Subject Matter Experts vs Learning Experts: What’s the Difference?

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We often talk to organizations that are trying to start fresh. They’ve outgrown the tried and true training approaches of yesterday and are ready for something different. They are confronted by a “new normal” in their industry that has changed the game entirely: the regulatory environment has shifted, competition is on the rise and learners must be more skilled than ever before to succeed. Sound familiar?

Meet the Subject Matter Expert

Our clients are usually experts in their field or have easy access to others on their team who are considered expert. For example, training professionals at pharmaceutical and medical device companies often have either A) years of experience in sales or product development, B) an advanced degree in a related field, C) a clinical background or D) access to people within their organization who have these characteristics. They know their products inside and out… but they do not know how to close a specific performance gap that is happening or how to give their learners the knowledge and skills they need to be successful in their roles.

These individuals are subject matter experts. They know their content, but they are not experts at teaching this content to others. It might seem counterintuitive, but the expert is not always the best teacher.

Meet the Learning and Performance Experts

To drive success, both a Learning Expert and a Performance Expert are needed. These are often the same individual, or members of a team. They can be part of an internal training department or an external training vendor. Whoever they are, they perform the essential tasks of identifying the performance gap, figuring out how to close it and identifying how to teach the knowledge and skills that are most important in the best way possible.

What is a Performance Expert?

Performance Experts know how to get to the root of a problem. They conduct analysis and gather data through a variety of means (surveys, focus groups, interviews, job shadowing, etc) to get a real picture of the current state of training. They pinpoint the performance issue and are able to see what training can fix… and what is outside of training’s sphere of influence.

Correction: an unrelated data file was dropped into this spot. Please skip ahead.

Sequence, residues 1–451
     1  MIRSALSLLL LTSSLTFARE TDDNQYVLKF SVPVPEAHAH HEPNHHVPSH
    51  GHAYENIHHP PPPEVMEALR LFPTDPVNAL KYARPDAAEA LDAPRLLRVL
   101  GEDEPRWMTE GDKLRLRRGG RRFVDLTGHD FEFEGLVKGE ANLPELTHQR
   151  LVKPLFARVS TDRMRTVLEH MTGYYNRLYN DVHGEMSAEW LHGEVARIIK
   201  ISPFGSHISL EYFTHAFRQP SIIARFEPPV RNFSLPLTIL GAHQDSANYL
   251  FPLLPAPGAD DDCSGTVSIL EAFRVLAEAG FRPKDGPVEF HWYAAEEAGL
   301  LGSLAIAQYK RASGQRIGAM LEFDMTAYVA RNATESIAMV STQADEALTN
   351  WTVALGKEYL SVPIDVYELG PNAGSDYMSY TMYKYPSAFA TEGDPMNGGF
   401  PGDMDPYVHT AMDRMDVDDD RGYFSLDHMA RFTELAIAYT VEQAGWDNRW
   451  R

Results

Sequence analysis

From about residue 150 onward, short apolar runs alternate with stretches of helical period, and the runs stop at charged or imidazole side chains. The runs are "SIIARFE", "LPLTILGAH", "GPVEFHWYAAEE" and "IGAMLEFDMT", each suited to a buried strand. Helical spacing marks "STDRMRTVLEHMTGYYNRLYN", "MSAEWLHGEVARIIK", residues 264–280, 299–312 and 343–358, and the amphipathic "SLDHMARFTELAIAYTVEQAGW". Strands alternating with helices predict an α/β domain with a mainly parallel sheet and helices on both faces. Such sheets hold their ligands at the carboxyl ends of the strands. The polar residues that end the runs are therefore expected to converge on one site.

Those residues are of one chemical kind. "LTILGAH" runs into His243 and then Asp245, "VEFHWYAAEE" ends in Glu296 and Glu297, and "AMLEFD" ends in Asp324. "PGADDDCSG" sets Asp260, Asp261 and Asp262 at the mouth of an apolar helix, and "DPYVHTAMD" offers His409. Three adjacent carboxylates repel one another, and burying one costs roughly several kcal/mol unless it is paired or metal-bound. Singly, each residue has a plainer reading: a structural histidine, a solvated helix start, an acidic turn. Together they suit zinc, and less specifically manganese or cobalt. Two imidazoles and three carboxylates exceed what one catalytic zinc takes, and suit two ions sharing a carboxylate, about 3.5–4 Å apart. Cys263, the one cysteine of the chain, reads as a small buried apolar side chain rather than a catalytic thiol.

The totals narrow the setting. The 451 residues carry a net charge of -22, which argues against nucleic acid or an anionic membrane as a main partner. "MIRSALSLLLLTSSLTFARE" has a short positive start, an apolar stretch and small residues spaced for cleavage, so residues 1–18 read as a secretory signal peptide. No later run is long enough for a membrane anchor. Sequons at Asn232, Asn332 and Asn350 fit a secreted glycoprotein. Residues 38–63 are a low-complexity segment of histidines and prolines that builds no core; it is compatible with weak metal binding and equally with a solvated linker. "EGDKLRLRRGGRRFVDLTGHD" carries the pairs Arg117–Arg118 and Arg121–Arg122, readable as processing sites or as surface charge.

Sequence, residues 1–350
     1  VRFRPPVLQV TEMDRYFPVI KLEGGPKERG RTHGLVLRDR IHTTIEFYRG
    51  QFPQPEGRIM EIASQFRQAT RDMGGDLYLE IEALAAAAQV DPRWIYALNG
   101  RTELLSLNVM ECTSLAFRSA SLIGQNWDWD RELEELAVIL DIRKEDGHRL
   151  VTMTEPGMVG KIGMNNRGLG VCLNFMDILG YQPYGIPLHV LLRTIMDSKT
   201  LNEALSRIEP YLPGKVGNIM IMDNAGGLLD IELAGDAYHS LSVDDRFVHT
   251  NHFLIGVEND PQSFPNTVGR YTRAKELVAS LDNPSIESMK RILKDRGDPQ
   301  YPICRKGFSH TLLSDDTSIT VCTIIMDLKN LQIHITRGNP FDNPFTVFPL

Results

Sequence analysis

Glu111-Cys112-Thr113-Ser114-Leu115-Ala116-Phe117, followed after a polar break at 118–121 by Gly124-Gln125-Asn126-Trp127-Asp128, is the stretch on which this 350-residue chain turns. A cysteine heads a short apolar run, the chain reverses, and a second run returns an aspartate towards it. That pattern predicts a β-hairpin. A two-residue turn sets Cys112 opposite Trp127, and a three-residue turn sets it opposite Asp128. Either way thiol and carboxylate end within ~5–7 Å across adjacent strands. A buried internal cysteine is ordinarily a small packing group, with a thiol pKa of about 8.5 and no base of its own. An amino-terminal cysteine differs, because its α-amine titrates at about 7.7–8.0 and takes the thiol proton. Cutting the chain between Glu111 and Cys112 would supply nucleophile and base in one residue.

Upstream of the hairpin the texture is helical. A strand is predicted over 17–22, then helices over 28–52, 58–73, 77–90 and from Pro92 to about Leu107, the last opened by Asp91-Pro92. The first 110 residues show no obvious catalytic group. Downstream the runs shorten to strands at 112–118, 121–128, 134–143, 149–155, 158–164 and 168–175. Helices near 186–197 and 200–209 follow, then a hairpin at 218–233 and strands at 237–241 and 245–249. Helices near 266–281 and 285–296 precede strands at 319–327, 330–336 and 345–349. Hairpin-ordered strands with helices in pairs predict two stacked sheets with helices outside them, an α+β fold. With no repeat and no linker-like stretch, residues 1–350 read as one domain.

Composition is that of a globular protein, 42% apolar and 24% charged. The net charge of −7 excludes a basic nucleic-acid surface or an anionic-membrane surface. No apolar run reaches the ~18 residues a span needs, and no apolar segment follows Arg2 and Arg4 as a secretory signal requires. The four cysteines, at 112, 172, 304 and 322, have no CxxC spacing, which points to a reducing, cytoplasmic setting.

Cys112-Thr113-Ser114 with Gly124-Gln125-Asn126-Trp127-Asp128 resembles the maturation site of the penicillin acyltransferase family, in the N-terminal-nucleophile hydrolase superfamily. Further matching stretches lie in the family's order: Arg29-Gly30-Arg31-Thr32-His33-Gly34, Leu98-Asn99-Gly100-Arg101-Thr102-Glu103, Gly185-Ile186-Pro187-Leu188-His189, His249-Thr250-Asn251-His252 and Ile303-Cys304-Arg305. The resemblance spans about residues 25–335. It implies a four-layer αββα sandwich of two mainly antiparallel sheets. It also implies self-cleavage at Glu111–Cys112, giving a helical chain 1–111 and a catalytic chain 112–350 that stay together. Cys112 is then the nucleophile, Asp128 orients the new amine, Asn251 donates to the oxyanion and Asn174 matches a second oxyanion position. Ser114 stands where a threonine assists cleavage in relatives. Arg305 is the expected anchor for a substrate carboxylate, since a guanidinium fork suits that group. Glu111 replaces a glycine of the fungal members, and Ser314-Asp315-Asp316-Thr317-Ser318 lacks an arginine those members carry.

Our Performance Experts often go by other names, but our clients will know them as their project manager or the facilitator of their design meeting. It’s no coincidence that our “performance experts” are also often our best “learning experts.” They are the ones who take the big picture of what is needed to fill a performance gap and design a blended learning curriculum approach to close the gap.

What is a Learning Expert?

A learning expert understands how people learn. They are skilled instructional designers and are able to create interaction-rich learning experiences that support a given outcome. In the corporate world, a learning expert should also have an understanding of the business needs of a given learning experience and design it in a way that supports those needs.

Learning experts can gather all of the highly technical content your SMEs have (either documented somewhere or just in their brains) and make it engaging, meaningful and memorable to learners.

At BLP, we call our learning experts Learning Designers. They partner with our multimedia team to design our learning solutions, whether it is an eLearning course, an instructor-led session, a video, a learning game, or a combination of these solutions.

Finding the Right Balance

Many of you are already quite familiar with the need for both subject matter experts and learning and performance experts. Some organizations prefer to work with vendors who also have deep subject matter expertise in their particular industry… while others leverage their own internal SMEs in order to work with a vendor that is expert in adult learning and instructional design. The right balance, of course, depends on the project and particular business need. Our own approach has been to focus on learning and performance first while also building knowledge and skill in the specific industries that we most often work with.

What balance of vendor expertise works best for you? Do you have subject matter experts, learning experts and performance experts on your internal team?